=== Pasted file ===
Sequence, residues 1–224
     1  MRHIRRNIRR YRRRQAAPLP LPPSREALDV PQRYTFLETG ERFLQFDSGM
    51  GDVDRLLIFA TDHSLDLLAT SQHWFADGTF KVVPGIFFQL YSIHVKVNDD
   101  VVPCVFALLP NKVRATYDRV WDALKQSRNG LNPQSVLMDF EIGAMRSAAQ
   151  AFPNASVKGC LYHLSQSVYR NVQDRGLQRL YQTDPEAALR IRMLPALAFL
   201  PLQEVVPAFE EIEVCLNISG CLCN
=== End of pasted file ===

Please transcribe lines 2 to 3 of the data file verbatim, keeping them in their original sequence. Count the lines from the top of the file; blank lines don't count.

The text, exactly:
     1  MRHIRRNIRR YRRRQAAPLP LPPSREALDV PQRYTFLETG ERFLQFDSGM
    51  GDVDRLLIFA TDHSLDLLAT SQHWFADGTF KVVPGIFFQL YSIHVKVNDD